A serial cycle thief who stole bikes from public spaces and from shops specialising in bikes across London has been jailed.
Francis Graham, 26 (24.01.94) of Hunter Street, WC1 was charged on Thursday, 24 September with five counts of cycle theft, five counts of commercial burglary and one count of theft from a motor vehicle.
He appeared that same day at Westminster Magistrates’ Court and was remanded in custody. He later pleaded guilty to all charges and appeared at Inner London Crown Court on Monday, 16 November, where he was sentenced to two years.
The charges relate to the below incidents:
- Theft from motor vehicle at Baches Street, Hackney on 29 October 2019;
- Commercial burglary at Queenshurst Square, Kingston on 29 November 2019;
- Theft of pedal cycle from a shop at Richmond Road, Kingston on 6 December 2019;
- Theft of pedal cycle at Broom Road, Richmond on 6 December 2019;
- Commercial burglary at Shepherds Bush Road, W6 on 13 December 2019;
- Commercial burglary at Kensal Road, W10 on 17 December 2019;
- Commercial burglary at Church Road, Teddington on 30 January;
- Theft of pedal cycle at St Bartholemews Hospital, on 10 July;
- Commercial burglary at Woods Road, SE15, on 10 July;
- Theft of pedal cycle at Heygate Street, SE17 on 4 August;
- Theft of pedal cycle at Cheapside, EC2 on 23 September.
He was sentenced as follows:
- Five counts of burglary: Sentenced to 12 months for each count, to run concurrent;
- Four counts of theft and one count of theft from motor vehicle: Sentenced to eight months for each, to run consecutively to the burglary counts;
- One count of breach of suspended sentence: Four months’ imprisonment, to run consecutive to the other charges.
A five-year Criminal Behaviour Order was also granted.
+ He is to appear at Inner London Crown Court on Friday, 20 November to be sentenced for the Cheapside offence.
HHJ Davies, said during sentencing: “You were a one man crime wave stealing in a sophisticated way. You tailgated residents into areas to which you didn’t have access, removing decent locks and taking bicycles. What happened afterwards remains a mystery. How much you got for them and who benefits from them, where they are now remains a mystery.
"It causes upset and stress to lose a bicycle, taking into account the cost of them. They are expensive. These were not toys, they were used for commuting. One was stolen from a hospital worker from a secure compound. These offences are aggravated by your previous convictions, which are many. Your previous convictions are around theft of bicycles. You are a professional bike thief. In my judgement these offences are so serious that only a custodial sentence is justified.”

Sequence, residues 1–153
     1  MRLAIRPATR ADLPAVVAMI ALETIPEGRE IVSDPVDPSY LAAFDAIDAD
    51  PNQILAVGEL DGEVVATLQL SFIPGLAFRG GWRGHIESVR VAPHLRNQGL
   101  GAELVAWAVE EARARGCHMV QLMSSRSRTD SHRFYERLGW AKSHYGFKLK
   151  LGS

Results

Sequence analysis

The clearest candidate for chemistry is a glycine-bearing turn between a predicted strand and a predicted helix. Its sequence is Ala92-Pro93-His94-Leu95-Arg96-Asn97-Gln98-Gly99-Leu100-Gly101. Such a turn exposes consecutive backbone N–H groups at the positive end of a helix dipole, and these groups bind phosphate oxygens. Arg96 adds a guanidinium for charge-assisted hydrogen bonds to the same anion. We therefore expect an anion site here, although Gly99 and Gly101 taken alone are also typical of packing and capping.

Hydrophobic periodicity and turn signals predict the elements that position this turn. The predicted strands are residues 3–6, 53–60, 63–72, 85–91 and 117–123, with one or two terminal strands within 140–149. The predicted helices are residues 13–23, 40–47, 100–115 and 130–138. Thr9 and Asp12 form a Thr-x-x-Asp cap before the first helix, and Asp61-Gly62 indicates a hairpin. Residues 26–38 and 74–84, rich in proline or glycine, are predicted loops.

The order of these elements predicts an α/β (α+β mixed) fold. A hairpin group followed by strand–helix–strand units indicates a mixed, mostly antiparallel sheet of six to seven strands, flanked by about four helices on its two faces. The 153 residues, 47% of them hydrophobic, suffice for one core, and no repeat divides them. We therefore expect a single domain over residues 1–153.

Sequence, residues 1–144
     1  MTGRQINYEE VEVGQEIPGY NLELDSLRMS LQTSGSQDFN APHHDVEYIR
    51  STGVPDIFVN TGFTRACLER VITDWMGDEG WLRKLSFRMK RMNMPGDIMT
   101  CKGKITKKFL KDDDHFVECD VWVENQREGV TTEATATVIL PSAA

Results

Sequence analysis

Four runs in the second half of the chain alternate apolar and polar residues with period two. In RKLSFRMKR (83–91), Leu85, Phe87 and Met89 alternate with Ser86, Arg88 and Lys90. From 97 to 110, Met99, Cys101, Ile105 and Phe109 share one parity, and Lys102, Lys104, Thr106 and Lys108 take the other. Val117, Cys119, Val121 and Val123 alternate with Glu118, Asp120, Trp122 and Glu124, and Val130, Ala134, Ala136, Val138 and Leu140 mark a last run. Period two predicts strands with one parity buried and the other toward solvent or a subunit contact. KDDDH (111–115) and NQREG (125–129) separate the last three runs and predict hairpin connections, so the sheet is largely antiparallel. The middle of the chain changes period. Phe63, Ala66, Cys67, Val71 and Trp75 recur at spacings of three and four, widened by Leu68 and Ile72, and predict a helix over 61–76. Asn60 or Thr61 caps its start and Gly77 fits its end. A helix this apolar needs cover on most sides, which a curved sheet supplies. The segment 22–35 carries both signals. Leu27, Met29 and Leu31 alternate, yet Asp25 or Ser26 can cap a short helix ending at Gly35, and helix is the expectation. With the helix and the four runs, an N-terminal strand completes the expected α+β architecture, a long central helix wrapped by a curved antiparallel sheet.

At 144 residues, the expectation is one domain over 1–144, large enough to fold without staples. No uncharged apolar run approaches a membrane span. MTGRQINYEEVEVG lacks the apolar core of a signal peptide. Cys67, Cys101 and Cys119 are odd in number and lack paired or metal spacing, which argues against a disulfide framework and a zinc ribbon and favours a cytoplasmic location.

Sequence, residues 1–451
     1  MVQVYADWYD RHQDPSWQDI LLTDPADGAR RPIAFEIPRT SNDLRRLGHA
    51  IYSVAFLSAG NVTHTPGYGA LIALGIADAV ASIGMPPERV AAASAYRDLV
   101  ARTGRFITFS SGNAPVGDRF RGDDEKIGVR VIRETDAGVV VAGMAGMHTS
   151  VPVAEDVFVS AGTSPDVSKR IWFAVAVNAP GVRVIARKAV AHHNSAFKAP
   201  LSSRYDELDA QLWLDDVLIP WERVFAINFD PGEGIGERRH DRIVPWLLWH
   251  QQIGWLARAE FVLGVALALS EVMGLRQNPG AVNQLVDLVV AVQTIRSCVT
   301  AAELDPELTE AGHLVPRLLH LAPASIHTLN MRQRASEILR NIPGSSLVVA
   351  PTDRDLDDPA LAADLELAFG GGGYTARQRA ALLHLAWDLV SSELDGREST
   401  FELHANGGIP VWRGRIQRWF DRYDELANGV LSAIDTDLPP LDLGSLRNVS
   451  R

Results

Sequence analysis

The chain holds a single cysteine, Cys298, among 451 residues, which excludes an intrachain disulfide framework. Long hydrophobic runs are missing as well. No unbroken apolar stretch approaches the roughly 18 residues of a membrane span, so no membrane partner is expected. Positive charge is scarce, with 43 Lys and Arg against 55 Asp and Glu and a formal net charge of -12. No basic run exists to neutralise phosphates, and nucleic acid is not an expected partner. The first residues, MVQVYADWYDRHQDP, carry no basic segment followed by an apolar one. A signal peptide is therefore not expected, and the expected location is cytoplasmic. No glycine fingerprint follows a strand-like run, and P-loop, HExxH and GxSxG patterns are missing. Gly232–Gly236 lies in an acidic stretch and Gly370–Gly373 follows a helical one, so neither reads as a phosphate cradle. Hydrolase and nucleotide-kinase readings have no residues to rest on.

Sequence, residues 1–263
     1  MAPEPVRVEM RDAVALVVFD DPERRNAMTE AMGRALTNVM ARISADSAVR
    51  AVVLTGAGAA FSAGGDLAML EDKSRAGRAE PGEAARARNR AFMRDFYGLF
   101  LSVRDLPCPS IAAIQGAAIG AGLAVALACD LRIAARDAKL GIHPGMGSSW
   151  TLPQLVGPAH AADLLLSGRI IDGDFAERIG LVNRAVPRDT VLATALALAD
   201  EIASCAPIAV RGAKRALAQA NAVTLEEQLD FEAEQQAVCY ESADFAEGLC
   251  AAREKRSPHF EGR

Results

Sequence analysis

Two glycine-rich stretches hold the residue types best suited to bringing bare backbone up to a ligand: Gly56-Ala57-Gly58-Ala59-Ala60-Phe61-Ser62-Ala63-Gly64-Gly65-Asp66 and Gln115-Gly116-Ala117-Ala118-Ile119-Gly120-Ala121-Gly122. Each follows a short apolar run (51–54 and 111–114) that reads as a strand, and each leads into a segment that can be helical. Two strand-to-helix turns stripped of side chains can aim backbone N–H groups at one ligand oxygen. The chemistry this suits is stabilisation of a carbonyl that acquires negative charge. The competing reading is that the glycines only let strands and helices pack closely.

Graham was identified and arrested as a result of a joint investigation by the Met and City of London Police.
During police interview Graham was shown a CCTV image of a man stealing a pedal cycle. Although he initially denied that he was the man in the footage, when presented with overwhelming additional CCTV and DNA evidence spanning a variety of incidents, he admitted the offences.
PC Aleksander Hancock, of the Met’s South West Burglary and Robbery Investigation Team, said: “For many people living and working in London, cycling is their only form of transport. The inconvenience and upset caused by Graham in helping himself to the property of so many victims simply cannot be measured.
“I am pleased that the efforts of my team, and our police colleagues at City of London, have afforded Londoners a well-earned rest from Graham’s criminal activities.
“The lasting effects of becoming a victim of theft often last far beyond the replacement of the stolen items. Graham will have time to reflect on this as he serves his sentence.”
Inspector Simon Ward of Met Forensic Services said: “This type of job really highlights the work of forensic imagery practitioners and in this case, our Central Image Intelligence Unit [CIIU], in identifying images of suspects from across London and linking multiple offences together across policing commands and Force boundaries.
“In this case, Graham was identified by a single officer over the course of a number of months. The officers in the CIIU make over one thousand identifications every year from CCTV recovered from crime scenes to support our frontline and specialist crime colleagues.”
Chief Superintendent Steve Heatley, of the City of London Police, said: “Our force takes cycle theft very seriously and we won’t tolerate it in the City. With more people cycling to work during the coronavirus pandemic, it presents more opportunities for thieves and we have responded accordingly, working with our MPS colleagues and implementing specific tactics to identify and catch these criminals – and return the bikes to their owners.
“This was a good result, and thanks to our keen-eyed officers who spotted Graham in the act, he has been brought to justice for his numerous offences.”
+ Do you have information about crime in your area? If you have information that could help keep your community safe, prevent crime or stop a burglary, but don’t want to speak to police, please contact the independent charity Crimestoppers on 0800 555 111. They do not ask your name and cannot trace your call or I.P address.
If you are a young person that has information about crime, but don’t want to speak directly to police, you can visit Fearless where they can pass on information anonymously – your I.P address will not be traced. Fearless is part of the Crimestoppers charity, and is also independent of the police.